How to Write a Strong Narrative

A strong narrative captures the attention of an audience with an inspiring story, descriptive language and a meaningful thesis. Narratives use first-person or third-person voice to illustrate a significant event or series of events, which shaped a person's life. A strong narrative shows readers the importance of the event or experience as seen through the eyes of the writer. A strong narrative is a piece of writing that profoundly impacts the reader in some way.

Prewriting Activity

Decide on a personal experience or event in your life that will have meaning for other people. Jot down as many details about the experience as possible, which is referred to as "brainstorming." Write down how and why the experience or event changed your life or changed the life of someone else.

Create a map or use a concept map to begin to organize information. If necessary, print out a concept map from the resource section. Divide the main topic into three subtopics. Provide two or three examples for each subtopic. Use the information to compose free-writes about each subtopic.

Write a paragraph about each of the subtopics and each example. Provide as many details as possible about each subtopic. Use descriptive language and include important details, such as the setting and people involved. Do not stress over punctuation or correct wording, as this is a prewriting activity.

Writing the Narrative

Decide on the voice in which to write the essay. Use the first person to tell the narrative from the "I" perspective. Use the third person to tell the narrative from the "he" or "she" point of view. Make sure you pick the voice that is best suited to help tell the story.

Write an introduction that informs the reader of the overall purpose. Hook the reader or audience with a shocking fact or something very interesting. Inform the reader of the setting of the narrative in the introduction and introduce important people or characters. Write the thesis statement or overall purpose as the last sentence of the introduction.

Write the body of your essay, which should be at least three paragraphs. Tell the readers of the event or sequence of events, using descriptive language. Recreate the event, so that readers experience it along with the writer. Describe emotions and thoughts of the writer and other characters with expressive dialogue. Inform readers of any pertinent information, such as specific reasons for a person's behavior.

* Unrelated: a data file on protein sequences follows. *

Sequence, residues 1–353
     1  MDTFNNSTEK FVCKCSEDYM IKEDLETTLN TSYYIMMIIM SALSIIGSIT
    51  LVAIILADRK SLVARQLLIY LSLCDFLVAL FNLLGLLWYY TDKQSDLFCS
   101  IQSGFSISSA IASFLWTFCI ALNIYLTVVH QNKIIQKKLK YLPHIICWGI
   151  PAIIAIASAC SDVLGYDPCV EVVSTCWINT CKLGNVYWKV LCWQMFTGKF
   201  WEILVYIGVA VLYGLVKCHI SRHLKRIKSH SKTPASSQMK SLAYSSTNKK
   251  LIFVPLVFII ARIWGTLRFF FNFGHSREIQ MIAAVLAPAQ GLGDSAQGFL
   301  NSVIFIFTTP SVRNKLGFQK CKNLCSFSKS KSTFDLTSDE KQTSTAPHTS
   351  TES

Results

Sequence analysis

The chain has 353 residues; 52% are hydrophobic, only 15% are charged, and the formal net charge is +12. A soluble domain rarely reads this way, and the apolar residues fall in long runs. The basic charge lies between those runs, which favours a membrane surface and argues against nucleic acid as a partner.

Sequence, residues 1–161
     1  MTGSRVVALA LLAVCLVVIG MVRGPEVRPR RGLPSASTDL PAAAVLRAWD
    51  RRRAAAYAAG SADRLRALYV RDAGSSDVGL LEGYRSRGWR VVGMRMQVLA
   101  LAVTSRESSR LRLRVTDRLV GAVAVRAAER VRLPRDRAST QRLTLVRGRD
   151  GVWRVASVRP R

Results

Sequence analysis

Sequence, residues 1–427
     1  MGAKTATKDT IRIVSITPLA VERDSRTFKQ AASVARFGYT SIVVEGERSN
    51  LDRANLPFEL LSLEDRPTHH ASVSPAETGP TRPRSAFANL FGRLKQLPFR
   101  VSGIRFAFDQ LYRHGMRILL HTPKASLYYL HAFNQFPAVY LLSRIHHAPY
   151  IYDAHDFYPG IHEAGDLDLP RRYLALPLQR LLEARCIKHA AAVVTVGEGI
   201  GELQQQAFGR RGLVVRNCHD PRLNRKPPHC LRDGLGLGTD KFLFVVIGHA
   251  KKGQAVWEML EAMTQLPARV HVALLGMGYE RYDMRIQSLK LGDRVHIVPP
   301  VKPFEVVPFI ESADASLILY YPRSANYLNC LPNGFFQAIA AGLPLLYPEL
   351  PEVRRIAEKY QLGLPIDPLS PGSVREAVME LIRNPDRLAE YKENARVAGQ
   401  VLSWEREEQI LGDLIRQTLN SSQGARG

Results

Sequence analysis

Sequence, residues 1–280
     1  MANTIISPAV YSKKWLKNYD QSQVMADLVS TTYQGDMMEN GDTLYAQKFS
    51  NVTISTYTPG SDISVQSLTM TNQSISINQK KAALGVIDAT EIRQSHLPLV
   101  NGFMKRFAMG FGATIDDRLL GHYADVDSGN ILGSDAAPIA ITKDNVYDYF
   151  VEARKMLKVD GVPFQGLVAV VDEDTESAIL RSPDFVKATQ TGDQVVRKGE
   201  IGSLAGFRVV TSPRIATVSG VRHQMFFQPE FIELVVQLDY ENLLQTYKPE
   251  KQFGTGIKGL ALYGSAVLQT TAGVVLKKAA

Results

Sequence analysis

Make sure to include a climax or a significant turning point in the narrative. Place the climatic action in the body of the narrative. Place the climax in the narrative, so that room exists for the falling actions and the conclusion or resolution of the story. Include at least one action after the climax in the body of the narrative, as this guides the readers toward the resolution or end of the narrative.

Summarize briefly the main events of the narrative and restate the thesis in a different way. Resolve the narrative, so that readers have some conclusion for themselves. If the narrative needs to have an unresolved ending, show how the ending changed the life or situation of the writer. Leave the reader thinking by the conclusion of the narrative.


Ask several people to read your narrative and make suggestions. Although you do not have to use these suggestions, having others review your narrative gives you the opportunity to look at your narrative from other points of view. Rewrite the narrative, using any suggestions that you feel are appropriate for the content.

Instruct someone to read the narrative to you, so that you can hear it from a different voice. Make any necessary changes to the narrative's content.

Use a spell check feature to eliminate spelling errors. As it is acceptable for narratives to have incorrect grammatical structure, either refrain from using a grammar checker or use a professional editor to double-check the structure of your narrative.

About the Author

Based in Bryn Athyn, Penn., Sarah Bostock has been writing since 2006. Her articles on education have been featured in "The Virginia English Bulletin." Bostock holds a Master of Science in English with a concentration in British literature from Radford University, as well as a Bachelor of Arts in photography from Virginia Intermont College.

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